A Love Story in Three Parts
Or… “How Little Piezo Elements Drove me Nuts — A Minor Drama in Three Parts”
What’s the fuzz about?
Having recorded sounds for some months with self-made piezo pick-ups now, I thought I share some of my experiences — building, recording and other practical knowledge. The material used to construct the little microphones or the places they are positioned for and during recordings has a huge influence on the outcome.
There are already several nice posts out there covering constructing piezo mics, but none of them talks about the consequences decisions like cable, connector plug or pre-amps can have on the quality of the recordings. This series of posts covers my experiences so far and gives a brief outlook on future construction plans.
Piezo — What?!
Since this series wants to focus on building and recording with piezo pick-ups, it would be going to far to explain piezo electricity in detail. Additionally, for our purposes it is currently sufficient enough to know the basics.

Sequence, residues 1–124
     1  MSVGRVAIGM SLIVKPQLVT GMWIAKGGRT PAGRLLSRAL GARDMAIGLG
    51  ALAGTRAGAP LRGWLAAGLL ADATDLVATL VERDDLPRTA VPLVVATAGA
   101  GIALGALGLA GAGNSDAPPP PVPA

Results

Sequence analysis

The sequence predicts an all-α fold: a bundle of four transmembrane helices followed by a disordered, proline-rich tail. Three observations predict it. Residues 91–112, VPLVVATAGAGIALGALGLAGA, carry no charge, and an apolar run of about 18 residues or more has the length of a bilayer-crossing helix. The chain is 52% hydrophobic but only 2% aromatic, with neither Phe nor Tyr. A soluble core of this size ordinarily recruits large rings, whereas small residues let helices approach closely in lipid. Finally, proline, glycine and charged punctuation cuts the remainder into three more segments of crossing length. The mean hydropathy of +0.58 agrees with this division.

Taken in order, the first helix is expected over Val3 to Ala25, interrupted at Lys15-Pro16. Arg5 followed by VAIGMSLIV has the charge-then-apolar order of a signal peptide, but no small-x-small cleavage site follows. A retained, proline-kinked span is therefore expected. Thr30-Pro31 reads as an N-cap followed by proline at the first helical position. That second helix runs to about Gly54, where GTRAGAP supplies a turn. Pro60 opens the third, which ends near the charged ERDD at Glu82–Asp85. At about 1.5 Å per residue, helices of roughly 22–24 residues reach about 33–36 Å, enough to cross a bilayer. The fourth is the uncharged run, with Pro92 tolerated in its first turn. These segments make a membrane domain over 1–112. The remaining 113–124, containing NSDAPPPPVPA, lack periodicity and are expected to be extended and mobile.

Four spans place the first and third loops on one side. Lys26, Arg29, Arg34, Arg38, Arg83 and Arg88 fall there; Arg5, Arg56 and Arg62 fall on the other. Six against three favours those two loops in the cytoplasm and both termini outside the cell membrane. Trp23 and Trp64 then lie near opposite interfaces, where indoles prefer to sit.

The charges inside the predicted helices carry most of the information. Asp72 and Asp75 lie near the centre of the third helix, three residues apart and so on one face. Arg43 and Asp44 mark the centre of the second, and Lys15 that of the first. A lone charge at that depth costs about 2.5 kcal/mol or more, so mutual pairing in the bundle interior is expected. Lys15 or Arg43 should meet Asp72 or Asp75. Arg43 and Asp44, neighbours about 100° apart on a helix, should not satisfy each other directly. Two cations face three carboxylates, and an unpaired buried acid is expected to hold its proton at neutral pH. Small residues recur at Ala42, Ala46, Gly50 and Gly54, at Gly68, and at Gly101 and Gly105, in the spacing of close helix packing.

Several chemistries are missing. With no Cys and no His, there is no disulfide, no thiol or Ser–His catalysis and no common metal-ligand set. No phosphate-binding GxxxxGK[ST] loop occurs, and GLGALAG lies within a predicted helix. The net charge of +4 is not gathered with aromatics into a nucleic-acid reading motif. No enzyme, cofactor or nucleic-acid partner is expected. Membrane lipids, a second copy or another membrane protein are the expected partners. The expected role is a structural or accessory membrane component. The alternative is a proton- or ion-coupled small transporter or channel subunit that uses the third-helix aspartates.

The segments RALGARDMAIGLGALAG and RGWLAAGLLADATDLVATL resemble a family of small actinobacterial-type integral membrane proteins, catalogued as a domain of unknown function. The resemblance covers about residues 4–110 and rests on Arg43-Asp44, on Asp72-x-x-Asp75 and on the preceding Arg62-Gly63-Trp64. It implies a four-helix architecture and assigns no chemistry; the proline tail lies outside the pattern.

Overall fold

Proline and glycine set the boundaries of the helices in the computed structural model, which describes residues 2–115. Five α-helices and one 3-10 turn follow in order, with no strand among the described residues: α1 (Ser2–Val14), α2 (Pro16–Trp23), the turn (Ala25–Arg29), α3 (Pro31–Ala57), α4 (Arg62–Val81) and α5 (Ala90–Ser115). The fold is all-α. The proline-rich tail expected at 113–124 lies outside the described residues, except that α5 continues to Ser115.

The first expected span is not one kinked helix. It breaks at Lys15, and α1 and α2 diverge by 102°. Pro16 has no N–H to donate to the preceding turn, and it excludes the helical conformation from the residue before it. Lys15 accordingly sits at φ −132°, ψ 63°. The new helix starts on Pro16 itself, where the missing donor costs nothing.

Piezo electricity works because of the difference in pressure, respectively stress on the material, creating an electric current. There are a several materials, i.e. various forms of crystals or ceramics, which can be used.
For people who have never heard of it or want to go deeper, here are a few links to articles, giving more detailed overviews on the topic:
- Wikipedia about piezoelectricity
- wikipedia has a short section on them in the general article about ‘ pickups
How to get recordings?
As mentioned, electricity is created by applying pressure on the piezo element. In our case, during recording the piezo ‘picks up’ mechanical vibrations directly from the material, and transduces these signals into recordable voltages. Since the electric signal is rather weak, every pickup mic needs some form of pre-amplification.
I currently use the consumer friendly and even among professional recordists famous Zoom H4, which has three different choices for pre-amplification next to phantom power. A later post will cover the construction of a pre-amp, which can replace the H4′s pre-amp.
- Experience with Piezos — Part III
- DIY Pickup Mics — Piezos Part II
- Stereo Piezo Pick-Ups
- DIY Hydrophones